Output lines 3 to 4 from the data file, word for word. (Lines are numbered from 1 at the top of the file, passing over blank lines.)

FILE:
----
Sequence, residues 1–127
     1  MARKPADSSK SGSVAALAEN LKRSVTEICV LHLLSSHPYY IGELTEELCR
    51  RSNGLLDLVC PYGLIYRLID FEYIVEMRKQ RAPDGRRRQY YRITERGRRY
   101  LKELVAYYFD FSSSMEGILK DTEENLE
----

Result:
    51  RSNGLLDLVC PYGLIYRLID FEYIVEMRKQ RAPDGRRRQY YRITERGRRY
   101  LKELVAYYFD FSSSMEGILK DTEENLE